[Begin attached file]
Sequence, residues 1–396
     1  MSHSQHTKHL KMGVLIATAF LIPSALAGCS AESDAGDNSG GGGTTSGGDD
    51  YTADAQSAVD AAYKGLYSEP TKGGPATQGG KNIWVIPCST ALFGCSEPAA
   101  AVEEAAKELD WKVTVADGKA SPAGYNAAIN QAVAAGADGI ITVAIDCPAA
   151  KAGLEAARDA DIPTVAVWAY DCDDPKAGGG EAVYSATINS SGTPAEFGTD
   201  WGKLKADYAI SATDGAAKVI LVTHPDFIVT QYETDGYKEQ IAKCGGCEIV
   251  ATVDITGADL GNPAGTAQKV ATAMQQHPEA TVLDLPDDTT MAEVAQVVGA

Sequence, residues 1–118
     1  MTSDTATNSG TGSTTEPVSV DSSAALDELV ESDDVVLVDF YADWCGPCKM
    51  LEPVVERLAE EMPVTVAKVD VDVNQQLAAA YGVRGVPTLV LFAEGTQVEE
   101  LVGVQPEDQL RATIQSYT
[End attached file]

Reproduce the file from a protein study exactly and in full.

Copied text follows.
Sequence, residues 1–396
     1  MSHSQHTKHL KMGVLIATAF LIPSALAGCS AESDAGDNSG GGGTTSGGDD
    51  YTADAQSAVD AAYKGLYSEP TKGGPATQGG KNIWVIPCST ALFGCSEPAA
   101  AVEEAAKELD WKVTVADGKA SPAGYNAAIN QAVAAGADGI ITVAIDCPAA
   151  KAGLEAARDA DIPTVAVWAY DCDDPKAGGG EAVYSATINS SGTPAEFGTD
   201  WGKLKADYAI SATDGAAKVI LVTHPDFIVT QYETDGYKEQ IAKCGGCEIV
   251  ATVDITGADL GNPAGTAQKV ATAMQQHPEA TVLDLPDDTT MAEVAQVVGA

Sequence, residues 1–118
     1  MTSDTATNSG TGSTTEPVSV DSSAALDELV ESDDVVLVDF YADWCGPCKM
    51  LEPVVERLAE EMPVTVAKVD VDVNQQLAAA YGVRGVPTLV LFAEGTQVEE
   101  LVGVQPEDQL RATIQSYT